Tea Talk: Accessible depth for the solo player

I brewed some tea

This topic came into my mind some time ago.

As someone who primarily plays alone, even in multiplayer games, this is actually something that should really have occurred to me considering how much it affects me. But I never really though about it until I saw someone talking about the merits of Overwatch over Fortnite.

That person claimed that the depth of gameplay in Overwatch comes from the team’s hero composition, the maps being played and the whether you’re playing on offense or defense. Leaving aside the issue that every other team-based, class-based games have all of that and Overwatch does not offer anything else in terms of gameplay, the part of his statement that stood out to me the most was on team composition. As a solo player, there is absolutely nothing I can do if the rest of my team decided to go as Torbjörn, Bastion, Mei, Soldier: 76 and McCree. Do I pick Orisa to resolve the lack of tanks in my team, or should I go Lúcio to fill in as a healer? Do I go Brigitte to try and fill both roles, or should I just pick Doomfist since they deserve nothing?

And that is my point. What depth in gameplay is there in Overwatch that I as a solo player can access, without needing to depend on others? Other players are by nature unreliable, partly because you don’t know exactly who they are and how they are like at the moment, and partly because they are not in any way obliged to share the same goals as you. If the depth of your game is ultimately dependent on other players, then to a solo player that game does not have depth.

Yes, a team-based game is ultimately meant to be played as a team. But other team-based don’t have any problems adding elements that allow players to function as individuals while still rewarding teamwork. Team Fortress 2 has a diverse weapon loadout system that allows you to adapt to both the enemy team and yours. Aside for that, it also has a high mechanical skill ceiling with explosives jumping which a solo player can access without needing to rely on others. Meanwhile, there are debuffs and buffs you can apply to the enemy team and your team respectively, and classes and weapons have synergies between each other that can make a cooperative pair much more powerful than the sum of their parts.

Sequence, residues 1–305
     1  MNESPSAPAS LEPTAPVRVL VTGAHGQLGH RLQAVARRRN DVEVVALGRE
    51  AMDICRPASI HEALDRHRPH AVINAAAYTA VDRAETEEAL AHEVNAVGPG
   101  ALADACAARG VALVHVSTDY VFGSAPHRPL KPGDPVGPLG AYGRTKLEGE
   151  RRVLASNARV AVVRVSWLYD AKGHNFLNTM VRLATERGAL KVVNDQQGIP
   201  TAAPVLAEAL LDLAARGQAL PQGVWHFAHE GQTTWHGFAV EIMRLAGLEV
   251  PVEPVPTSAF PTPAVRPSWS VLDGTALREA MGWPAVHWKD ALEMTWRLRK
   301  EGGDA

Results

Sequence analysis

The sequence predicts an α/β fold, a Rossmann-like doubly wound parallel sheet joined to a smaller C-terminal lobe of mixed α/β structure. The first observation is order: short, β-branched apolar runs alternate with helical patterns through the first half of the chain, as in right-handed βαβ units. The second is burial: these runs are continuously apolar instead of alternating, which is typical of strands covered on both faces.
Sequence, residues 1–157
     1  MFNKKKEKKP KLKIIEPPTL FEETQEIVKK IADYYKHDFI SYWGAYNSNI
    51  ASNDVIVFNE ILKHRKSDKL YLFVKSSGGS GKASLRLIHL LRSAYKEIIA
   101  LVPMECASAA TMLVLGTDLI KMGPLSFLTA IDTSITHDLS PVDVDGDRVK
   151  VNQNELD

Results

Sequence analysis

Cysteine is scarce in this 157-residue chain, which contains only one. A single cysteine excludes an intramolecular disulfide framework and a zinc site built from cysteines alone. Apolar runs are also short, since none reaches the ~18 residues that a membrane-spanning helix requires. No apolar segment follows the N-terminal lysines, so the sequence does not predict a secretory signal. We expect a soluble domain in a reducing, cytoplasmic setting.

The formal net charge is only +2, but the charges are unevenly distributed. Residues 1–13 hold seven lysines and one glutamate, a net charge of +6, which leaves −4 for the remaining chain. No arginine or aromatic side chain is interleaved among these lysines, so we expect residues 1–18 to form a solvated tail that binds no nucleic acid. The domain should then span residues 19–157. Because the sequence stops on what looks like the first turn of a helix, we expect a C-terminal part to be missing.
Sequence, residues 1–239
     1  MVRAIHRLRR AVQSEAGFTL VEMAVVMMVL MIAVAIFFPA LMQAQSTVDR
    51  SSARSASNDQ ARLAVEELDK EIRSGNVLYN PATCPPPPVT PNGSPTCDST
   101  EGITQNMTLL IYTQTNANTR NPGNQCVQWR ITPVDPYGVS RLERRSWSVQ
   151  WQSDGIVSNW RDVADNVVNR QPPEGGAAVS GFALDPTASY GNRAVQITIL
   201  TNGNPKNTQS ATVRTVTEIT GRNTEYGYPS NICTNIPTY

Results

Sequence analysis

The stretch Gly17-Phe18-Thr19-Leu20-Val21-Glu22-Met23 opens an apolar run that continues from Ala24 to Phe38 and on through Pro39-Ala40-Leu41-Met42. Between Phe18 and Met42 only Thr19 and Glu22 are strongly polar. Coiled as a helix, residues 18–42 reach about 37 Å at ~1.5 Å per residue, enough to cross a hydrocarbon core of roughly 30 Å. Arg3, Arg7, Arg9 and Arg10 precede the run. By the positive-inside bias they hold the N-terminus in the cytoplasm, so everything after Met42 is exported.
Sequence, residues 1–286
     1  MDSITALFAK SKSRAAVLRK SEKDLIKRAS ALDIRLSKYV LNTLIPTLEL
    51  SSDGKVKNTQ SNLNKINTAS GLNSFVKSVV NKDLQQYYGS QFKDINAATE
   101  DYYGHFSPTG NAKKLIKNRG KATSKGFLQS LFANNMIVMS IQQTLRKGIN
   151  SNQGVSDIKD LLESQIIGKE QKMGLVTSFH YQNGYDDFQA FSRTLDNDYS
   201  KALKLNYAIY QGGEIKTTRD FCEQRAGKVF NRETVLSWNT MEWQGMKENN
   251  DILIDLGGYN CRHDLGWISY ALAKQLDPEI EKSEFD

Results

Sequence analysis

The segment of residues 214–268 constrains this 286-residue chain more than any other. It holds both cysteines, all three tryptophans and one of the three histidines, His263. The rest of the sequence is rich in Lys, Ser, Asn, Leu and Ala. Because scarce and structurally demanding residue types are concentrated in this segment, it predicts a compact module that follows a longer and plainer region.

In Paladins, the loadout and item systems serve the same purpose. Your loadout and item choices decide how you play, and making optimal choices can boost your personal performance against others. As for team play, by ensuring that every team member buys the right items (especially for Bulldozer, Cauterize, and Wrecker), the team becomes more efficient in dealing with thee enemy team as they have sufficient coverage on all three fronts. And you can check the items that your teammates (and enemies) bought so that you can buy the right items to complement your team’s choices.

In both those games, there are options a solo player can take to optimize their performance and complement their team. It allows them to function independently from their team to some degree while still rewarding playing as a team. Overwatch, to me, lacks that first element. The fact that a large part of the game’s depth is dependent on others means that for solo players, it’s not there.

Forming groups with friends may not be an optimal solution either. There is no guarantee that they will stick with the game you want to play. And when they move on to something else, you’ll be back to square one again. And if your friends’ presence is the only thing making the game fun for you, is that fun due to the game, both the game and your friends, or just the latter?

Sure, a team-based multiplayer game is meant to be played as a team, it’s literally the first word in the phrase “team-based multiplayer game”. But to hinge almost the entirety of your game on other players is ultimately betting that the majority of your playerbase operate exactly how you expect them to, and that is never going to happen. To a solo player, such a game is just an exercise in frustration.

I finished my tea

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